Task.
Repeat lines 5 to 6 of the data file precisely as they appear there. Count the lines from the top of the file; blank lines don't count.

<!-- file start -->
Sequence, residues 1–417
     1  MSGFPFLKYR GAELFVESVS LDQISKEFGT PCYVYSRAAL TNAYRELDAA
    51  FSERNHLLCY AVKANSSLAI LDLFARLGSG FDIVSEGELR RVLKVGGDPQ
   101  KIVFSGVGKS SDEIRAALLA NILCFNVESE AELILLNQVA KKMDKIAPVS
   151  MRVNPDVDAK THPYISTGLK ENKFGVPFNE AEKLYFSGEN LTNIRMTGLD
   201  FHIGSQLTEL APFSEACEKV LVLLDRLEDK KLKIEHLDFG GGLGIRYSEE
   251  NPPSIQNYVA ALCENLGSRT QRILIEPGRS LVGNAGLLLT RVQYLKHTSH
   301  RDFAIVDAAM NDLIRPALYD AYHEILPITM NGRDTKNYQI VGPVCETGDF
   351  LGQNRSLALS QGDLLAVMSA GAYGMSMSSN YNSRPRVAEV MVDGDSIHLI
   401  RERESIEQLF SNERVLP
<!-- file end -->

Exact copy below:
   151  MRVNPDVDAK THPYISTGLK ENKFGVPFNE AEKLYFSGEN LTNIRMTGLD
   201  FHIGSQLTEL APFSEACEKV LVLLDRLEDK KLKIEHLDFG GGLGIRYSEE